• Panelists also noted the need for the inclusion of Open Solutions, Open Standards, and stressed on the needs for special consideration for the people with disabilities.
  • "We may be talking about access within the broader context of the sustainable development goals but still a clear-cut connection between access and MDGs are lacking. ICTs and access always appear as annex to development discussion" Mr. Suman Prasad Sharma, Secretary of Ministry of Information and Communication and Head of the Delegation, Nepal.
  • "The relationship of access to local contents (or contents made available locally) is clearer, though, if the context of Internet peering and transit agreements (IXPs) is made explicit." dr. Mawaki Chango, CEO of DIGILEXIS
  • "We should not only look at social and technical issues, but also legal and ethical issue of access, Ms, Elia Armstrong, UNDESA.
  • "As much as Openness and Inclusiveness are important to achieve universal access to knowledge, Technological fix and policy fix are equally essential. Perhaps these are four sides of a cube" Dr. Andrew Taussig, moderator of the panel discussion.
  • "Sustainable development Goals should recognize access to information and knowledge as a supporting element for all focus areas" dr. Stuart Hamilton, iFLA
  • "The quest for universal access to information already has resulted in several low hanging fruits such as using Open Access, Open Educational Resources, Free and Open Sources Software, but the world continues to ignore these and debates on the philosophical issues" Bhanu Neupane, Program Specialist, UNESCO.

Normative, strategic and operational contexts of Openness and Inclusiveness stressed to achieve universal access to information and knowledge

News - Wed, 18/06/2014 - 10:57

The session was dedicated to analyze how access should feature in the post 2015 sustainable development goals. The session discussed both opportunities and risks involved in providing universal access to information and knowledge and concluded the following:

  • Clear-cut connection between access and development goals are lacking. Thus there is a need to examine the benefits of universal access within the broader context of sustainable development, viz, it's role in empowerment, enhancing human rights, and in dealing with "knowledge challenge".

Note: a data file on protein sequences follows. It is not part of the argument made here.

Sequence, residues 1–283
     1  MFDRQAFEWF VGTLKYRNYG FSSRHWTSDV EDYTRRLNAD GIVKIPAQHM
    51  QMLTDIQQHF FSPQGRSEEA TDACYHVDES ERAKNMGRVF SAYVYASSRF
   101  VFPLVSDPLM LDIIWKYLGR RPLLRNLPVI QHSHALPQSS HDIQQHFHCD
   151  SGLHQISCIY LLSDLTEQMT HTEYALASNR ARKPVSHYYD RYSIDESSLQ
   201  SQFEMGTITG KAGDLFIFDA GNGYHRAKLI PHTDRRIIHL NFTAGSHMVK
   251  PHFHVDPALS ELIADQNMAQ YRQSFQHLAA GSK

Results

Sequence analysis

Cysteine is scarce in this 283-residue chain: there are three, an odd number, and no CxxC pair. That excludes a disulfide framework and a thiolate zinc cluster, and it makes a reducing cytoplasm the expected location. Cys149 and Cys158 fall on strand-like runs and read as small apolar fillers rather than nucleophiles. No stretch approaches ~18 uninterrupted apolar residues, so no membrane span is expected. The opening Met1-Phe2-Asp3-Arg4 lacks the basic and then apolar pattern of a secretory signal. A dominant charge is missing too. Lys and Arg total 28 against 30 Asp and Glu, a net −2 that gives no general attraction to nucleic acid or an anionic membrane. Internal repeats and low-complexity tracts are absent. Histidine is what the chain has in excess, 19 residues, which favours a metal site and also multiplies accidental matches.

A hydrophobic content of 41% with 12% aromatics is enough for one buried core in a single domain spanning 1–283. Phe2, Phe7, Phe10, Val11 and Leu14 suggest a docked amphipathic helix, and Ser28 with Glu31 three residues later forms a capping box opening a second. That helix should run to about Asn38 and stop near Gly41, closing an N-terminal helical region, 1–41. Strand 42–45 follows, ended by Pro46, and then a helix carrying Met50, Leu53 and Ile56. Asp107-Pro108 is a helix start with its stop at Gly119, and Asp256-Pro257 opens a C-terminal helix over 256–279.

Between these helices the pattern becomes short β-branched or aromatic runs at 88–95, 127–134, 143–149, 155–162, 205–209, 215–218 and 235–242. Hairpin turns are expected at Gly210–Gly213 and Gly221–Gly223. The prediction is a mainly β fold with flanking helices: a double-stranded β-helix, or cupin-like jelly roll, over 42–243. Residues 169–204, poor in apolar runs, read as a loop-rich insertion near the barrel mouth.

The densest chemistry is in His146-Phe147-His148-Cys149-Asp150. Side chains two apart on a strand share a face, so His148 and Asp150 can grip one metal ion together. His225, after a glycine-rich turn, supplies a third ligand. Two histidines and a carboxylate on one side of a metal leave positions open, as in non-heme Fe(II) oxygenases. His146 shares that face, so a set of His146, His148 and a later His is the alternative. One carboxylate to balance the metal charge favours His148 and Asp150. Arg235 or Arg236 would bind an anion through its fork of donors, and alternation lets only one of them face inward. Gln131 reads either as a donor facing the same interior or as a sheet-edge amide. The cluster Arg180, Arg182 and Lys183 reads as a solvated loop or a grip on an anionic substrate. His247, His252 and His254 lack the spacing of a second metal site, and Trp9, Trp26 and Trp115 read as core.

• The gamut of enabling mechanism to enhance accessibility is still poorly understood. Not least, access divide is a very poorly understood subject. Various aspects of the access divides are essential to be studied and internalized in the post 2015 development dialogues. This in essence can help consolidate understanding about accessibility, affordability, and equitable dimensions of universal access.
  • Available technological solutions need to be examined from their affordability, sustainability, and practicality. It needs to be understood that public policy instruments for these issues are already available, but their judicious use is still lacking.
  • There is a need for locally relevant content development to fuel the demand for access. Multilingualism must be respected while developing such contents,
  • Strengthening of the provisions to examine the sustainability of projects initiated to improve access to information and knowledge is essential.
  • Panelists also noted the need for the inclusion of Open Solutions, Open Standards, and stressed on the needs for special consideration for the people with disabilities.
  • "We may be talking about access within the broader context of the sustainable development goals but still a clear-cut connection between access and MDGs are lacking. ICTs and access always appear as annex to development discussion" Mr. Suman Prasad Sharma, Secretary of Ministry of Information and Communication and Head of the Delegation, Nepal.
  • "The relationship of access to local contents (or contents made available locally) is clearer, though, if the context of Internet peering and transit agreements (IXPs) is made explicit." dr. Mawaki Chango, CEO of DIGILEXIS
  • "We should not only look at social and technical issues, but also legal and ethical issue of access, Ms, Elia Armstrong, UNDESA.
  • "As much as Openness and Inclusiveness are important to achieve universal access to knowledge, Technological fix and policy fix are equally essential. Perhaps these are four sides of a cube" Dr. Andrew Taussig, moderator of the panel discussion.
  • "Sustainable development Goals should recognize access to information and knowledge as a supporting element for all focus areas" dr. Stuart Hamilton, iFLA